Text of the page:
6 Sep 2013

Safety First

Picture courtesy of Carlos Arlegui

Last weekend I was at the "China Festival" organised by the University of Newcastle and the Confucius Institute.

The event included, among other things, calligraphy and Tai Chi workshops, as well as music, dance and martial arts performances. Having grown up seeing my fair share of martial arts movies (and it’s hard to believe how many martial arts movies there are out there), I was keen to see the extreme martial arts performance. 

Following the rhythm of a big drum, several men went on the stage and performed a number of acrobatic moves. It was breath-taking, moreso because they carried it out without much fanfare, on cold and hard concrete. I couldn't stop myself worrying that at some point one of them may crush their skull on the ground. I tightened my muscles with nervousness as I saw them jump in the air, twist and land on their feet safely every time.  I guess the tension is part of the appeal. Suspense has been part of human entertainment for a long time. Take the old trapeze numbers with no safety net or any Hitchcock movie. I find it unnerving to watch any performance that could end with the protagonist being paralysed.  In fact I think there’s a movie to be made about the tension of seeing a gymnast doing vaulting horse exercises.

From what I know of Australian culture so far, I was surprised to see the martial arts performance done without more safety measures. A bit of padding on the floor would probably have been good.

Last time I went to the Heat Festival in Newcastle I noticed barriers around the displayed fires. A sort of guard walked up and down the displays ensuring no one got hurt. This couldn't be farther from what tends to happen in Spain.  I was in Carboneras, a small village on the southern coast of a Spain, for the Heat Festival a couple of years ago. This is celebrated on Summer Solstice. It’s tradition that friends and family gather around improvised fires along the beach. No permits needed. No limit on the number of fires. Just a bunch of wood and paper items put together and set on fire by some mates. People enjoyed a drink and some food. Children ran around. Street cats ran away from the children. Youngsters jumped in the water every now and then to cool themselves down. A pile of furniture several metres high burnt above all the others, perhaps set up by the village council. Not far from there, a pit in the sand kept a carpet of burning candles that the villagers had lit and thrown in after making a wish.  By night, you could see the fires that had been lit kilometres along the coast. The view was awe-inspiring but my husband and I were surprised at the lack of safety measures. No incidents were reported in the local paper in relation to that night though.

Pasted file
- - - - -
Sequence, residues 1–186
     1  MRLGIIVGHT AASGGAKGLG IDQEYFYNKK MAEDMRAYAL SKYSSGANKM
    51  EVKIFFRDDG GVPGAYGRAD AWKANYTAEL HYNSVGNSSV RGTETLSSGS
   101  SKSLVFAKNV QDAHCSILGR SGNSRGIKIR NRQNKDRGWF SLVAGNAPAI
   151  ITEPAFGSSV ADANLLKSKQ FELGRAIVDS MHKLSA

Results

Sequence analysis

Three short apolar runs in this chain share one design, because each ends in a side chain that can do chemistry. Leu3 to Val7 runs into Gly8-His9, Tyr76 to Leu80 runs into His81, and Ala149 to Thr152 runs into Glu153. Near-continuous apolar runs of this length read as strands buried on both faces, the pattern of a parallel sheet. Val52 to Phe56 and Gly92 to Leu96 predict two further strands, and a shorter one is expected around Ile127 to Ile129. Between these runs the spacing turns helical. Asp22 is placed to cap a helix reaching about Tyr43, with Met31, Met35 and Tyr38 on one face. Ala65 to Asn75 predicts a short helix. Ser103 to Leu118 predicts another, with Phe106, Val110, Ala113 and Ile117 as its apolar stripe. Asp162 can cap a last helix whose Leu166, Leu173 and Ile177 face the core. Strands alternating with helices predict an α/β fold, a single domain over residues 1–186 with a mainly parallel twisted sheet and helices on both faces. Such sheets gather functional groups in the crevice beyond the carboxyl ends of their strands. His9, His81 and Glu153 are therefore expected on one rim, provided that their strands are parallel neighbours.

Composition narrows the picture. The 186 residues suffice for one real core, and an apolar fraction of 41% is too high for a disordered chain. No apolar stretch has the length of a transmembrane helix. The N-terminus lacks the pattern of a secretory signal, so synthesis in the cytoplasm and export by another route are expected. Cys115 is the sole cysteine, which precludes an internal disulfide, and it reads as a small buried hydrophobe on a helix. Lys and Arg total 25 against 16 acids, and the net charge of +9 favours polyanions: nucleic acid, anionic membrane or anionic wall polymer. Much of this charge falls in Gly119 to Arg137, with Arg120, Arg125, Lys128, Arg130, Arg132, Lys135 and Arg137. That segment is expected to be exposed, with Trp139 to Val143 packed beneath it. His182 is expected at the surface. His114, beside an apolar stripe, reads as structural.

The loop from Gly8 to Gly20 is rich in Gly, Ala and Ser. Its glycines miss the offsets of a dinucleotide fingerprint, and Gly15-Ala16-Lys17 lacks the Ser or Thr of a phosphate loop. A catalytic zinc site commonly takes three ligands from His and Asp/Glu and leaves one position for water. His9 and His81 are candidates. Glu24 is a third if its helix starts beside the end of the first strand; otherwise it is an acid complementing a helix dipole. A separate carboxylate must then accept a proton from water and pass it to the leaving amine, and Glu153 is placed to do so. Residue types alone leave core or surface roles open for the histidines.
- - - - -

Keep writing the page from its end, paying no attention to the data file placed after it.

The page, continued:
However there are accidents happening in Spain all the time that could be prevented with some basic safety measures. In fact there’s often contempt for any safety rules. What do you mean I have to wear a seatbelt? Speed limit? Please! There are some more folkloric examples, like the bad organisation of a running of the bulls where one of the bulls escapes and wanders around nearby villages for days, putting fear into the bones of all the neighbours. A Spanish stand-up comedian named Miguel Gila, used to joke about the inclination of his fellow compatriots to ignore the limits of safety. In one of his routines, he would play the role of a man whose son had been killed by some joking fellow villagers.  He would say “they killed my son but I had such a laugh.”

That says it all!